Constitutional Law – Interim Costs Awards –
Inherent Jurisdiction of the Courts – Inferior
Here the Supreme Court held that Superior Courts can make
interim costs awards to fund public interest litigation in the
inferior provincial courts.
In the underlying litigation, the Respondent Caron had
challenged the constitutional validity of Alberta Provincial Court
proceedings on the basis that the court documents were solely in
English. Caron pleaded that the provisions of the Alberta Languages
Act, which purported to abrogate French Language rights in order to
permit such unilingual documents, was unconstitutional.
At issue in the Supreme Court of Canada was the funding of
Caron's litigation. The Provincial Court had made an interim
costs order – an "Okanagan order", so
named after the case which enables them – in favour of
Caron. The Alberta Court of Queen's Bench
("ACQB") set aside this order on the
ground that the Provincial Court lacked jurisdiction to make it.
However, the ACQB then made its own Okanagan order to fund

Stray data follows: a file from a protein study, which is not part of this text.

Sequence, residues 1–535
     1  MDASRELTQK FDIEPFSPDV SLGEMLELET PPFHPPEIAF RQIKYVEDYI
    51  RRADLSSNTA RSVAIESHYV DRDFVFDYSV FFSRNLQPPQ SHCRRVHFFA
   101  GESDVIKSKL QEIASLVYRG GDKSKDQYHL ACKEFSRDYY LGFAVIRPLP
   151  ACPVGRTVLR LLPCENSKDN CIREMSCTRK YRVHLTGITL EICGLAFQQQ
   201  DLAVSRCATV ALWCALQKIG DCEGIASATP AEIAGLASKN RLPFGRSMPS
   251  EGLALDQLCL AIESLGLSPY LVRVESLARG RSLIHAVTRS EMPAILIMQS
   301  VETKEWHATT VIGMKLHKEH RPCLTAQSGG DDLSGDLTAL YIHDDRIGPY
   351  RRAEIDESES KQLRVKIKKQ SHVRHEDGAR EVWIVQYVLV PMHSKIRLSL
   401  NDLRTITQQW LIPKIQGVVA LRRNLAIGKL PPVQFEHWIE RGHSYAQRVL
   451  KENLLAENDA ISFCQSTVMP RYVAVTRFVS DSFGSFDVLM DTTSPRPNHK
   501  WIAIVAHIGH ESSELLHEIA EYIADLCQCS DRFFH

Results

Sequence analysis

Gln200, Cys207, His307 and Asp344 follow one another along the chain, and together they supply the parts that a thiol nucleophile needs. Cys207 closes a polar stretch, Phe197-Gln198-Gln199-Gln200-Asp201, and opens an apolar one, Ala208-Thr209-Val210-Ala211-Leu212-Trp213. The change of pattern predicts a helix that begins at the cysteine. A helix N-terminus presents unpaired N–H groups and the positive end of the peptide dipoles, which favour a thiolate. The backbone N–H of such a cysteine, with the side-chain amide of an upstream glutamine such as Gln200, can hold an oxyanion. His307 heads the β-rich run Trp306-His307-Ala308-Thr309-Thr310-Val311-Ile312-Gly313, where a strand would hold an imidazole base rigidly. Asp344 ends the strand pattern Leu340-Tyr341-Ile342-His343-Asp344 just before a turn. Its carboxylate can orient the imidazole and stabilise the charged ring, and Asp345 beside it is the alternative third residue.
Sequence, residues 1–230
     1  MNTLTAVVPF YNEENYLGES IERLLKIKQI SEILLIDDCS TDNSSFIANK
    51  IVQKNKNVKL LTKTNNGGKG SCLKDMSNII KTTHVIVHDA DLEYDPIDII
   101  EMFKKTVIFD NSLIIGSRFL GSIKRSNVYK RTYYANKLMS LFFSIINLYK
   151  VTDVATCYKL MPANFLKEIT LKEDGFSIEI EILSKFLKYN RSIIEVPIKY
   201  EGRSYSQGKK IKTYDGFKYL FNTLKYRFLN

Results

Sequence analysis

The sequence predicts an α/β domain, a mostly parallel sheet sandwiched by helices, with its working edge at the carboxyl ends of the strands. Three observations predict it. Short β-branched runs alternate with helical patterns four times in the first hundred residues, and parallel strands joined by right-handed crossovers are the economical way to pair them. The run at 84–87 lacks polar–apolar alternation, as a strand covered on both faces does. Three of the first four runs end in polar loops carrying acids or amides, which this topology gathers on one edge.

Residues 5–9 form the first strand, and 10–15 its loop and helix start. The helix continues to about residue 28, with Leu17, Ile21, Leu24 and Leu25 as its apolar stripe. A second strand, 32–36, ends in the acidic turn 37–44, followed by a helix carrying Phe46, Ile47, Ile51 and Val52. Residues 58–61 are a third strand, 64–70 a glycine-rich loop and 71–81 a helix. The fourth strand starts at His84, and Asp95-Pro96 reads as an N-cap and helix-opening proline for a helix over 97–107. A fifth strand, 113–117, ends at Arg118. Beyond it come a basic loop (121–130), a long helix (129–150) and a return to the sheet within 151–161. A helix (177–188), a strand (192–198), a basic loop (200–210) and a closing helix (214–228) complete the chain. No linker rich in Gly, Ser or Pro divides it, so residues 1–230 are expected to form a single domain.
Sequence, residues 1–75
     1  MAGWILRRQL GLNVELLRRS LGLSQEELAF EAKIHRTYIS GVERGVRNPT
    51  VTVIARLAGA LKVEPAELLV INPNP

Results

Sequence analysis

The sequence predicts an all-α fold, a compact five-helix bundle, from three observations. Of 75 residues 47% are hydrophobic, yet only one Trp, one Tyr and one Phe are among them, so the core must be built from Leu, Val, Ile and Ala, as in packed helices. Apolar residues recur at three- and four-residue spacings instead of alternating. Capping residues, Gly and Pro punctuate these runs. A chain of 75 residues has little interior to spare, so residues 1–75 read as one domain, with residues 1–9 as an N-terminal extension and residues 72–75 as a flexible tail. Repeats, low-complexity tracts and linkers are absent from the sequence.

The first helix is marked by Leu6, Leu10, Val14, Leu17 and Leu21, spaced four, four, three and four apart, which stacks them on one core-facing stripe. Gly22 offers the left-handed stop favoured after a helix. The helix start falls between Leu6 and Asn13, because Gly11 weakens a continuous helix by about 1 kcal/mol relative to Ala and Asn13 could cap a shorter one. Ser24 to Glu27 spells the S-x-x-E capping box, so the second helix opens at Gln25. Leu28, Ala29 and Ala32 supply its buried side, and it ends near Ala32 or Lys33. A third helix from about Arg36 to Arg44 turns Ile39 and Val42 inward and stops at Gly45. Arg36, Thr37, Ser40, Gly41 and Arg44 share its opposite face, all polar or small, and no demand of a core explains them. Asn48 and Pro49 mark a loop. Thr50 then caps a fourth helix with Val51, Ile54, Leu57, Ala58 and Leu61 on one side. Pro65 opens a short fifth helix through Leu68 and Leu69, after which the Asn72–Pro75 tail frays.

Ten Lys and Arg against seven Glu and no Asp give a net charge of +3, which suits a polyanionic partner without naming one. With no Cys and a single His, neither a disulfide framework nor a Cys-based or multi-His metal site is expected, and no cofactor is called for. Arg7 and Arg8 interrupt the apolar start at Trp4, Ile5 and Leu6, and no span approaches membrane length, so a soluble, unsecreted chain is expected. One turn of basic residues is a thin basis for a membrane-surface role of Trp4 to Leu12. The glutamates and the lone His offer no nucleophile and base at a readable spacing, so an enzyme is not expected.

Mr. Caron's litigation in the Provincial Court. Ultimately, the
Supreme Court of Canada dismissed the Crown's appeal of this
The Supreme Court emphasized that the language rights issue was
of fundamental importance and touched on the validity of the
entirety of Alberta's legal system. The court drew an explicit
parallel to the interim award endorsed by the court in
Okanagan. Further, it emphasized that the basis for such
orders is a Superior Court's inherent jurisdiction, which
includes the ability to "render assistance to inferior
courts." The court also held that statutory costs provisions
do not oust a Superior Court's inherent jurisdiction to make
these awards. On the present facts, the Okanagan criteria
were met and the ACQB was within its jurisdiction to make the
interim awards to Caron.
Justice Abella's concurring opinion emphasized that the
Supreme Court's decision does not unduly extend a Superior
Court's ability to intervene in the workings of statutory
tribunals. She noted that the decision did not conclusively address
whether an inferior court can make interim costs awards. Further,
the inherent jurisdiction of a Superior Court must be balanced with
the "implied legislative mandate of a statutory court or
tribunal to control its own process".
The decision provides a robust assessment of inherent
jurisdiction, while Justice Abella's concurrence is perhaps a
springboard towards more expansive readings of the inherent
jurisdiction of statutory tribunals.
The content of this article is intended to provide a general
guide to the subject matter. Specialist advice should be sought
about your specific circumstances.
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